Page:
June 7, 2019, 8:01 a.m.
Countries: Mauritius
Variables: DV-PRACTICE-1

"Domestic violence activists stated police did not effectively enforce the law. According to women’s rights NGOs, police were not always effective in protecting domestic violence survivors to whom authorities had granted court protection orders. Authorities prosecuted crimes including assault, aggravated assault, threats, and blows under the criminal code, but law enforcement recordkeeping did not always indicate whether they were linked to domestic violence" (P. 10).
June 7, 2019, 8 a.m.
Countries: Mauritius
Variables: DV-PRACTICE-1

"Amendments to the Protection from Domestic Violence Act (PDVA) came into force in September 2016, establishing a list of offenses separate from the criminal code, which was not the case prior to the amendment. The amendments redefine the term 'spouse' to include unmarried couples of the opposite sex; redefine 'domestic violence' to include verbal, psychological, economic, and sexual abuses; and empower police officers and enforcement officers to act on behalf of the victims, instead of waiting for a formal complaint from the victim. Although the amendments do not mention spousal rape, section 2.d. stipulates that a spouse cannot force or threaten the other partner into a sexual act 'from which...more
June 5, 2019, 1:02 p.m.
Countries: Georgia
Variables: DV-PRACTICE-1

"NGOs reported instances of law enforcement officials failing to take action against perpetrators of rape and domestic violence and failing to grant victim status to survivors The Public Defender’s Office noted that low public awareness of domestic violence, violence against women, and women’s rights in general resulted in victims not seeking assistance from authorities. The Public Defender’s Office blamed the high number of killings of women on the lack of monitoring and risk assessment systems for cases of violence against women and domestic violence. The office called on the government to create an effective system to record and analyze cases of femicide" (33).
June 4, 2019, 6:16 p.m.
Countries: Lesotho

"The government had one shelter in Maseru for abused women. The shelter offered psychosocial services but provided help only to women referred to it. The majority of victims were not aware of the shelter. There was no hotline for victims" (p. 14).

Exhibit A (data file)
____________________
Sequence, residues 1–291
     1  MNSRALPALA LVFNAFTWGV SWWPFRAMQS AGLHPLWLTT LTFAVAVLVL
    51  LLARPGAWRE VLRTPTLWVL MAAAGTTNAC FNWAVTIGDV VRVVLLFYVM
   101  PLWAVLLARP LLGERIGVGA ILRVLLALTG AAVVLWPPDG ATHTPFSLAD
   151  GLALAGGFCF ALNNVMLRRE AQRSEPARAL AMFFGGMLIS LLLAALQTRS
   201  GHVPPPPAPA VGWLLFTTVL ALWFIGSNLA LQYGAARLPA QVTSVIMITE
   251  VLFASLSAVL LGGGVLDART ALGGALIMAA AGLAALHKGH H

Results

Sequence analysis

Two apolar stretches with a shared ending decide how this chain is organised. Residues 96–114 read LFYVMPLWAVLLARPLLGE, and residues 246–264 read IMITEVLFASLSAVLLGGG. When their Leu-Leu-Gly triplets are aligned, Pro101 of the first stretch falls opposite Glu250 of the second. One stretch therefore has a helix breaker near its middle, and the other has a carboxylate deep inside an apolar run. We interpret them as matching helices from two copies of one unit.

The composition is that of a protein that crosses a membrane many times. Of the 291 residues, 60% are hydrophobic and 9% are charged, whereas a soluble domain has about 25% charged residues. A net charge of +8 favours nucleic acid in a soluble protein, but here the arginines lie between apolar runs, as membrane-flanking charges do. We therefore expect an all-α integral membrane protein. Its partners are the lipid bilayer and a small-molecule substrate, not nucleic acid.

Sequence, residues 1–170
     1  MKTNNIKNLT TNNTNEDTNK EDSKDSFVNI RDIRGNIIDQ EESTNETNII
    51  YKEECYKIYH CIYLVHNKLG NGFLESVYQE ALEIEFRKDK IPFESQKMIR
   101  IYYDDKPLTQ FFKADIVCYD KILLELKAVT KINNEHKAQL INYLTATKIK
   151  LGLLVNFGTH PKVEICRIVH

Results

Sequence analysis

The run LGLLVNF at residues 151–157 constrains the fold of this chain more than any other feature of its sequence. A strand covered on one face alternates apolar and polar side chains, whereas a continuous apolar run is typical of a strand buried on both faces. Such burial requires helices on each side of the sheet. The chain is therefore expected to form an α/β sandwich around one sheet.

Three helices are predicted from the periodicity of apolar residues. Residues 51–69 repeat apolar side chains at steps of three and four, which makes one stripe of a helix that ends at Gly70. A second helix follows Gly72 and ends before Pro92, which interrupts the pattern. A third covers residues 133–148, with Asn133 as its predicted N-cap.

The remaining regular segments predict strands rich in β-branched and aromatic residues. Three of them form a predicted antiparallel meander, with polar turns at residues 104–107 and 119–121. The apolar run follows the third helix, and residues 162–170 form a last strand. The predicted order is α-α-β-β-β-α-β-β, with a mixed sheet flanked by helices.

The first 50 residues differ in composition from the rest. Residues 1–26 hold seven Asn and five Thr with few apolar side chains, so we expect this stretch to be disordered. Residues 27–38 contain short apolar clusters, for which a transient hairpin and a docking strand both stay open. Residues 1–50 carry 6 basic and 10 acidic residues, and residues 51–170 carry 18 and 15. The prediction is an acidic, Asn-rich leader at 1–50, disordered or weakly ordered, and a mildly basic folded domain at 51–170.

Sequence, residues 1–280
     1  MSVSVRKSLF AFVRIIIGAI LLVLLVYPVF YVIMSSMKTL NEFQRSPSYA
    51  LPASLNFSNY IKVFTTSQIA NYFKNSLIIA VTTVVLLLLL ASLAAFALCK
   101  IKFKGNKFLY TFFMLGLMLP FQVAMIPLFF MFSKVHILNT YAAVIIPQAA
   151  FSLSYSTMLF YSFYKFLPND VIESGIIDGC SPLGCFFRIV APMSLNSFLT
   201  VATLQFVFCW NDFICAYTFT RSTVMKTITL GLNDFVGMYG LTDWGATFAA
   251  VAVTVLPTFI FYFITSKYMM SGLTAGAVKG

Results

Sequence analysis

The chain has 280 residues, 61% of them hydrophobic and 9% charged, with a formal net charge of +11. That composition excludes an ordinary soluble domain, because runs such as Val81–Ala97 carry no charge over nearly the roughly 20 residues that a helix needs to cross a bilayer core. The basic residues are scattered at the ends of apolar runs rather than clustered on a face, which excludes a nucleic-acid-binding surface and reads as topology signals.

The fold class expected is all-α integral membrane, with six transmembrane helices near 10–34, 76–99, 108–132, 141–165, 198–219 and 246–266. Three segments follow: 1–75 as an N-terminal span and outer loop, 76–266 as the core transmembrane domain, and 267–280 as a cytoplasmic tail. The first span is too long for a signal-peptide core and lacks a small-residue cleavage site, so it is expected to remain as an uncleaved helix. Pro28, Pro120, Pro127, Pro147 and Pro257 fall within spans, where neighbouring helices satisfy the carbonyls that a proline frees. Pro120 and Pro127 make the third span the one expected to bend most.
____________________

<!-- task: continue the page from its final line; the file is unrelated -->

June 4, 2019, 4:55 p.m.
Countries: Austria
Variables: DV-PRACTICE-1

"A working group was established in the context of the NAP on the Protection of Women against Violence which aims to integrate the identification and prevention of violence against women into the curricula of health care and nursing professions. Public support is also granted to another project to develop standards for curricula in the health care sector. In 2015, a general requirement was integrated into the professional training programme for doctors which states that awareness should be raised for the special needs of patients who are victims of human trafficking and/or psychological and/or physical violence, especially children, women and people with disabilities. A guide for medical and care professionals with...more
June 4, 2019, 11:11 a.m.
Countries: Benin
Variables: DV-PRACTICE-1

"Women remained reluctant to report cases, and judges and police were reluctant to intervene in domestic disputes" (p. 4).
June 3, 2019, 11:14 a.m.
Countries: Senegal
Variables: DV-PRACTICE-1

"According to our partners, there are strongly entrenched ideas that CVAW is a private issue, and that Islam allows CVAW by men against their spouses or daughters. As the above example demonstrates, patriarchal attitudes still obscure understandings of consent and coercion, particularly in rape" (Pg 35).
June 3, 2019, 10:48 a.m.
Countries: Pakistan
Variables: DV-PRACTICE-1

"Vani or Swara refers to a customary practice common across Pakistan that serves as a method of resolving disputes and settling debts between families and tribes. According to this custom, female members from the offending male’s family are married/given to the victim’s family as a reparation or penance. These decisions are often made by a jirga or panchayat, a council of elders from the community who convene an informal court to decide methods for resolving disputes. Girls are often subject to inhumane treatment, rape and torture by their in-laws" (Pg 33).